In these two types of embodiment given, there are two contradictory problems which are related to the constitution of a connection, insertion of the fibers and alinement of the fibers.

In the first type of prior art embodiment, where tube has bore has a diameter close to that of the fibers, the fibers are easily alined; but it is difficult to insert them and position them relative to the central portion of the bore. The thermoplastic bead provides a direct connection between the two fibers.

In the second type of prior art embodiment, where the tube has a bore of a diameter which is large in relation to that of the fibers, insertion of the fibers is easy but they are difficult to aline. The set of indentations formed in the tube narrows the internal passage locally to aline the fibers.

The present invention aims at producing an optical fiber connection by means of a capillary tube, having an internal bore with a diameter very close to that of the fibers, by implementing a simple method not requiring specialized personnel.

The present invention provides a method of connecting optical in a capillary tube having a bore whose diameter, at least over a central portion of the bore length, is very slightly greater than the diameter of the fibers to be accomodated therein for connection, wherein the fibers are guided into the tube until their end faces are in contact with each other in the central portion of the tube and transverse vibrations of small amplitude are applied to the fibers while they are being guided into the tube.

The present invention also provides an optical fiber connection bench for connecting two bundles of optical fibers comprising a beam mounted on a support and in mechanical contact with a vibrator for applying transverse vibrations to the beam, the beam supporting two fiber support parts, one for each bundle of optical fibers, each fiber support part being slideably mounted on the beam and including a plurality of fiber retaining passages alined with the beam, the beam further supporting a capillary tube support part disposed in between the fiber support parts and including a plurality of capillary tubes retaining passages alined with the beam, the disposition of the fiber and the tube retaining passages being identical so that, in operation, fibers from the two bundles may be clamped in respective ones of the fiber retaining passages with an appropriate length of bared fiber end projecting toward the tube support part, the tube support part fitted with capillary tubes, and the fiber support parts moved towards each other and the tube support part with the vibrator in operation until the ends of corresponding fibers about in their respective tubes.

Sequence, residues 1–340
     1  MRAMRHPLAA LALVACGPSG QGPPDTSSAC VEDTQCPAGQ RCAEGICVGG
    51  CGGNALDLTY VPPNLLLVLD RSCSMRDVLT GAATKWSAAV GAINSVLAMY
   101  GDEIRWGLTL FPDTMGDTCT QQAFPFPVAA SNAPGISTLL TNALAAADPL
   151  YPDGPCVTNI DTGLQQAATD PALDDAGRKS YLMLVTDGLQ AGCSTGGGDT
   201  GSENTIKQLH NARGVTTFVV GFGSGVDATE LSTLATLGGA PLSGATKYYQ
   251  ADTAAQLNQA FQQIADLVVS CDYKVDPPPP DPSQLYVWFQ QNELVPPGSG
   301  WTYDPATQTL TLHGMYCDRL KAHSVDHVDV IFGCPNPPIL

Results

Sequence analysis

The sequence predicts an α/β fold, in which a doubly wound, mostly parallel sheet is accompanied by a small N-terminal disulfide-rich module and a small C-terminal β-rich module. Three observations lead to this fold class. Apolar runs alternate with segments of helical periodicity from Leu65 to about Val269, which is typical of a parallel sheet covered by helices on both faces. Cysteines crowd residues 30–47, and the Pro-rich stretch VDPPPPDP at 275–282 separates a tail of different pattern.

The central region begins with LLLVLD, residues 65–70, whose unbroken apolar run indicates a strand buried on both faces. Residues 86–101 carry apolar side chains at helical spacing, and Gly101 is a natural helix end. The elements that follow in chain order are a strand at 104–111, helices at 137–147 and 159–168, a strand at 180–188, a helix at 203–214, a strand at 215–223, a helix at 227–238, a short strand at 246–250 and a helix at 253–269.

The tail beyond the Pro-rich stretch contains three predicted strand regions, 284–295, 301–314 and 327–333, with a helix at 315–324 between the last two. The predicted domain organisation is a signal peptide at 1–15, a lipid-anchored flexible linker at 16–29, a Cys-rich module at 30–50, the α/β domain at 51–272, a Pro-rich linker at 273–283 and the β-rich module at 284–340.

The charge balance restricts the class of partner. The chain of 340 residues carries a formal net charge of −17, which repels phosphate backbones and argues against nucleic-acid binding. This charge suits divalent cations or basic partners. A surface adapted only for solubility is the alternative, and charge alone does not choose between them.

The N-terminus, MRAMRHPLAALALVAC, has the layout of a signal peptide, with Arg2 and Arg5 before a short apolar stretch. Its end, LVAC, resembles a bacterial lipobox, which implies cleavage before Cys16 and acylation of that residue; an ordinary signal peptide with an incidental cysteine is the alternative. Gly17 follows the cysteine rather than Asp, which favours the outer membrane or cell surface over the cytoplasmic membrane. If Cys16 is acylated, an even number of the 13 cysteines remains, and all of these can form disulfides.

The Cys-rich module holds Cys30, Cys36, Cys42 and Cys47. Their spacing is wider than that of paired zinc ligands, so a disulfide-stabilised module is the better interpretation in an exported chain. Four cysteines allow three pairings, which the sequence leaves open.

Embodiments of the invention are described by way of example with reference to the accompanying drawings in which:

FIGS. 1 and 2 are cross-sections on a much enlarged scale of a capillary tube intended for ensuring a connection between two optical fibers and this same capillary tube once the connection has been formed.

FIG. 3 is a side view of an installation for implementing the method according to the invention and FIGS. 4 and 5 are an end view a cross-section along lines AA and BB in FIG. 3.

FIG. 1 shows a capillary tube 1 intended to provide the connection of two optical fibers. The capillary tube 1 is made of glass having a melting point which is clearly lower than that of the fibers and has a coefficient of thermal expansion slightly greater than that of the fibers, it is made e.g. of borosilicate. The bore 2 of the capillary tube is flared at both its ends 3 and 4 but it is cylindrical along at least half its length and has a diameter very slightly greater than the outside diameter of the fibers. The length of the capillary tube is so chosen that each of the two fibers to be connected is engaged therein along a length at least equal to ten times the outside diameter of the fibers.

By way of an example, in the case of optical fibers having an outside diameter of 100 μm, the capillary tube is chosen with a length in the order of 5 mm, the bore 2 is cylindrical along a length of about 4 mm and has a diameter close to 110 μm along this cylindrical part; the two ends of the bore, each having a length in the order of 500 μm, are conical, the diameter of their opening is in the order of 1 mm. The capillary tube has an outside diameter in the order of 2 mm.

As will be explained with reference to FIGS. 3 to 5, the optical fibers are inserted in the capillary tube 1 by guiding the fibers into the passage and vibrating them while they are being guided until the end faces of the fibers come into contact with each other at the central part of the passage. Prior to the insertion of the fibers in the tube a protective covering 7, 8 (see FIG. 2) is stripped from the ends of the fibers and their end faces are prepared e.g. by clean breakage.

Once fibers are in place in the tube, at least the ends of capillary tubes are heated to its softening temperature. This is done by heating the entire capillary tube (or merely its ends) to a regulated temperature between 400° and 700° C. according to the type of glass of which the capillary tube is made. The ends of the tube having reached the softening point, the capillary tension of the glass produces a gripping effect at the ends of the tube on the fibers. The cooling of this clamping can, of course, be controlled by nipping the ends of the capillary tube.

FIG. 2 shows the finished connection. The capillary tube 1 contains two optical fibers 5 and 6, the ends of the tube grip the fibers and hold them in the tube.